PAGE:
Top 9 Experiences You Can’t Miss at Pearl Harbor
February 25, 2017
When you plan your trip to Pearl Harbor, try to factor in as many of these as possible.
1. Take a guided tour of the city and the Pearl Harbor memorials, so that you can get the best of both worlds. This is a great introduction to Pearl Harbor and is often very detailed.
2. Spend some time looking around the Pearl Harbor Visitor Bureau where you’ll find two museums that are free of charge. You can explore maps, artifacts, images, and videos that tell you the story about the fateful day, as well as events before and after the attack.
3. Be sure to tour the USS Arizona Memorial. After watching a 23-minute film about the attach, visitors ride on board a Navy vessel that takes you to the memorial, located on Battleship Row. Experience the Arizona’s famous “black tears,” the oil that still leaks from the ship 75 years later.
4. Take a fully guided tour of the Pacific Aviation Museum. While you can visit on your own, we recommend taking a guided tour so that you can get the true experience and learn from people in the know. This is an ideal tour for the aviation buff.
5. Take a walk along the water’s edge where you can explore the memorial walkway that includes numerous photographs, diagrams and facts about the attacks on that very spot.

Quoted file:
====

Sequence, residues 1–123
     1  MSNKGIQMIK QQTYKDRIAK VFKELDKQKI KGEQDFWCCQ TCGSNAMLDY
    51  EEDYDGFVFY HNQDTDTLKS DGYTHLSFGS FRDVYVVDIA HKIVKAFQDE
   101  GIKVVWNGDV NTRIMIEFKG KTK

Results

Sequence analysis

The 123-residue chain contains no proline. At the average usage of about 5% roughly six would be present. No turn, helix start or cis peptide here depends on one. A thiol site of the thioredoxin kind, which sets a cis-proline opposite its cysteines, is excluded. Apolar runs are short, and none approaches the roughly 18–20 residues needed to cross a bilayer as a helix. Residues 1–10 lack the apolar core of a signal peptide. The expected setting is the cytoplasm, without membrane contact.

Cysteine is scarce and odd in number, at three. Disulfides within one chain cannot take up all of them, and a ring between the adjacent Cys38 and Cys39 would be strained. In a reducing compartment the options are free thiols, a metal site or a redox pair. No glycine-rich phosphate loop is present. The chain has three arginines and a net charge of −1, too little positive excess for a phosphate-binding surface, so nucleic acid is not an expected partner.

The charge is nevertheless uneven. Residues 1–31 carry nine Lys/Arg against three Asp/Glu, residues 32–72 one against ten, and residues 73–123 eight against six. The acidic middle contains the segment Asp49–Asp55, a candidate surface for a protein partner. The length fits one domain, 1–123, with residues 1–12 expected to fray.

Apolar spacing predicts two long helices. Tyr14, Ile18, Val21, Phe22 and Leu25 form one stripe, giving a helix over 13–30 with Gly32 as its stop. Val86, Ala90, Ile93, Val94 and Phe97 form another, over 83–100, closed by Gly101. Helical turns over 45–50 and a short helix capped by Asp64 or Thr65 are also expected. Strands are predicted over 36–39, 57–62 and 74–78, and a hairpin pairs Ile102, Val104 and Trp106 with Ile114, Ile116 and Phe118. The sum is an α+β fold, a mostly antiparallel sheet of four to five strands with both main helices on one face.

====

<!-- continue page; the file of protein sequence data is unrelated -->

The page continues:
7. The Bowfin Submarine was nicknamed the “Pearl Harbor Avenger” and was launched one year to the day after the attack by the Japanese. She completed nine patrols before retiring at Pearl Harbor, where she’s now a museum.
8. See Pearl Harbor from the air. You can do this via helicopter, which is an amazing experience that includes from 30 to 60 minutes of flight time taking you around the island, with Pearl Harbor included. If you want a more in-depth experience and to really step back into history, you can tour in a World War II-era SNJ-5C fighter plane.
9. Finally, be sure to chat with the locals. While you’re there, take the time seek out Pearl Harbor survivors, who volunteer their time to tell their fascinating stories. Also talk with the park rangers, people working behind the counters, and even the folks selling tickets. You’ll be amazed at the stories they can tell you about their lives.